As an employee of Simon & Schuster, London-based Filippo Bernardini would’ve been expected to act in the interests of the publishing sector. According to a federal indictment unsealed early 2022, that was certainly not the case.
Between August 2016 and July 2021, Bernardini used his insider knowledge as a rights coordinator to execute an audacious plan that would see him obtain more than a thousand pre-release manuscripts of novels and other unreleased books.
Following his arrest by the FBI, after touching down at John F. Kennedy International Airport last January, the Department of Justice revealed an extraordinarily complex operation that relied on deception and Bernardini’s knowledge of the publishing world.
Unpicking Pre-Release Content Security
In all entertainment industry sectors, content being prepared for general release is closely guarded. Unfinished works leaking out to the public can wreak havoc on everyone involved, from authors and publishers to interested parties in film and other secondary markets. Bernardini understood that and went ahead anyway.
U.S. authorities said that Bernardini registered more than 160 domain names that masqueraded as real entities and individuals in the publishing sector. Talent agencies, publishing houses, and literary scouts had their names carefully mimicked in domains with subtle typographical errors, not unlike those deployed in phishing operations.
Supported by those domains, Bernardini created email addresses in the names of real people who worked at the entities he mimicked, and used them to contact authors, managers, agents, publishers, and editors. When he solicited copies of unpublished books, novels and other content, targets believed they were speaking to someone in a position of trust.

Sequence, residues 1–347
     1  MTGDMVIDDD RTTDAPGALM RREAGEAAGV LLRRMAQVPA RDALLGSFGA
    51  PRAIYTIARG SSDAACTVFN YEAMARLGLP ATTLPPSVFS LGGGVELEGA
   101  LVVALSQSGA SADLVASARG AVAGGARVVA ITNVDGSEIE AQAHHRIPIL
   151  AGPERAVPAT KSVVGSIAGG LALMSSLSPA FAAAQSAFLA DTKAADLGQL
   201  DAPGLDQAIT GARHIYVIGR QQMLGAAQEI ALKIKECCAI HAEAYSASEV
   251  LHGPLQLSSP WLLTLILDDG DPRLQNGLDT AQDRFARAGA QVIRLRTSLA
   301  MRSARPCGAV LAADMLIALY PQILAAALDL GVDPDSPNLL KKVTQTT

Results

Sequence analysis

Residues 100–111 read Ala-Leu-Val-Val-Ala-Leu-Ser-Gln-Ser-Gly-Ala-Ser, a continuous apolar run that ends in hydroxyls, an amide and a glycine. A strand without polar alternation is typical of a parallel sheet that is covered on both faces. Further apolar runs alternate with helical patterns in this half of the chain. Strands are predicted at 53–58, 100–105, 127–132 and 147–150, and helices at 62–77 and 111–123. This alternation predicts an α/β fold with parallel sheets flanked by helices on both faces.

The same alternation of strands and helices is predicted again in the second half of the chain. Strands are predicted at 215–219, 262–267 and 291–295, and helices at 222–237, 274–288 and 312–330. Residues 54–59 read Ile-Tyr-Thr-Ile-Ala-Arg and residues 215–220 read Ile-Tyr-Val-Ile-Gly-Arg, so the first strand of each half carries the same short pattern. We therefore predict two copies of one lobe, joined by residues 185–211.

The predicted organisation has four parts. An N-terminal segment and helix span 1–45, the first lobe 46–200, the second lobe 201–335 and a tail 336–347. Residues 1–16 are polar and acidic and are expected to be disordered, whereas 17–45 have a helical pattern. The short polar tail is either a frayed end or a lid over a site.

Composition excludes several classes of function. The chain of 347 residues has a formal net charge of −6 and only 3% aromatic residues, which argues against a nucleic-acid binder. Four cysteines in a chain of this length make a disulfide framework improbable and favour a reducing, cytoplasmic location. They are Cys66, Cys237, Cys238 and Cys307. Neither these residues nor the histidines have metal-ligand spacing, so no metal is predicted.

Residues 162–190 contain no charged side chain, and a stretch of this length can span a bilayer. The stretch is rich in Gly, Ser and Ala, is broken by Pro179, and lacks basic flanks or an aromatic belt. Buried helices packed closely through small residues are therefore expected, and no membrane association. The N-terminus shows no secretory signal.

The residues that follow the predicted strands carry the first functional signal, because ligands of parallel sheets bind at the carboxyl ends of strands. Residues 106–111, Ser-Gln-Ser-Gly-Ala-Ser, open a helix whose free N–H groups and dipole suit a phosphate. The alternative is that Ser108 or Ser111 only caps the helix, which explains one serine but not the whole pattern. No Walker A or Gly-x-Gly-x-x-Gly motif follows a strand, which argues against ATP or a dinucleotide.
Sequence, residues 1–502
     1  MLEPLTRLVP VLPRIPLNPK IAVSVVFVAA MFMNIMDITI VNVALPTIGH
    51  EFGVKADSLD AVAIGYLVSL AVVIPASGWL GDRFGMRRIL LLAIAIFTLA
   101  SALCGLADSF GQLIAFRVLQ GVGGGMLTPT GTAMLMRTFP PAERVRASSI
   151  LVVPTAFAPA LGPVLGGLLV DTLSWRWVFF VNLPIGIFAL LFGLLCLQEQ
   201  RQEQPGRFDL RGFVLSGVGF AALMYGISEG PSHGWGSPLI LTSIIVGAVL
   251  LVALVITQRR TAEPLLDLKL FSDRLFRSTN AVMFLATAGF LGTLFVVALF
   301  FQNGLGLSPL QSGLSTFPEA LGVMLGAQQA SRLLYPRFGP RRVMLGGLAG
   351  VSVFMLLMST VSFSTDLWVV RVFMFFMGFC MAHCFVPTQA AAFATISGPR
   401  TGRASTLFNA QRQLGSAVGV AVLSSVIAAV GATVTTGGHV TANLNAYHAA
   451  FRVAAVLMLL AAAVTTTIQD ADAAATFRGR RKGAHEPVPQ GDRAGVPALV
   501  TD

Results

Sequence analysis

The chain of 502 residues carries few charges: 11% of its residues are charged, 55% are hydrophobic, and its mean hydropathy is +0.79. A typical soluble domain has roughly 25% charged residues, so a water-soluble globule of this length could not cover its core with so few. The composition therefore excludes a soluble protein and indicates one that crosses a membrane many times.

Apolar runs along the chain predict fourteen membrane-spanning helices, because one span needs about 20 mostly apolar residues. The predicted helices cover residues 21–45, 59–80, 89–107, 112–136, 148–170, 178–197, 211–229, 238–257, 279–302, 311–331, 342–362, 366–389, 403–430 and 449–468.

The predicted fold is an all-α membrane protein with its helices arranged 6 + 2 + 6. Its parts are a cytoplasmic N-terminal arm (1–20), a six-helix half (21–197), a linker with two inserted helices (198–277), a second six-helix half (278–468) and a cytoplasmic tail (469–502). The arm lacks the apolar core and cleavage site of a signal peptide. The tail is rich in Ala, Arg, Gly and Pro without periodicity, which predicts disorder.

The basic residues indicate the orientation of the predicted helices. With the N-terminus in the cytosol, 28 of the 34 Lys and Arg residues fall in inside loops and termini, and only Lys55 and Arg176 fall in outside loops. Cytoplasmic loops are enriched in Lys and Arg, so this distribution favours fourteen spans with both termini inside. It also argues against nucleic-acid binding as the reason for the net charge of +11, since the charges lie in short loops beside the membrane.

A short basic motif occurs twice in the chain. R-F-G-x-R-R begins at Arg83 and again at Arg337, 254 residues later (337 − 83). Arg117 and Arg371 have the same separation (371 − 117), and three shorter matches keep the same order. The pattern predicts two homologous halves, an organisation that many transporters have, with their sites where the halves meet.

Impersonated Hundreds of People
Emails recovered by the authorities revealed that Bernardini had impersonated hundreds of people across hundreds of attempts to obtain electronic copies of unreleased content. Some unsuspecting targets were lured to fake websites where they entered their usernames and passwords, only to have them phished and subsequently used by Bernardini in furtherance of his scheme.
In the wake of his arrest, the Italian citizen pleaded not guilty to several charges, including obtaining property under false and fraudulent pretenses and aggravated identity theft. Another charge – causing valuable and unpublished literary manuscripts to be sent and received by wire – carried the prospect of a 20-year prison sentence.
Bernadini Pleads Guilty
On January 6, 2023, a flurry of court filings, including superseding information from the prosecution (pdf), a waiver of indictment (pdf), and Bernardini’s consent to proceed before a magistrate judge (pdf), signaled a change of direction for the Italian.
Filippo Bernardini pled guilty to one count of wire fraud in connection with his multi-year scheme, through which it’s now claimed he obtained more manuscripts than the hundreds announced earlier.
“Filippo Bernardini used his insider knowledge of the publishing industry to create a scheme that stole precious works from authors and menaced the publishing industry,” says U.S. Attorney Damian Williams.
“Through impersonation and phishing schemes, Bernardini was able to obtain more than a thousand manuscripts fraudulently. I commend the career prosecutors of this Office as well as our law enforcement partners for writing the final chapter to Bernardini’s manuscript theft scheme.”
The now 30-year-old has agreed to pay restitution of $88,000 and is scheduled to be sentenced before U.S. District Judge Colleen McMahon on April 5, 2023.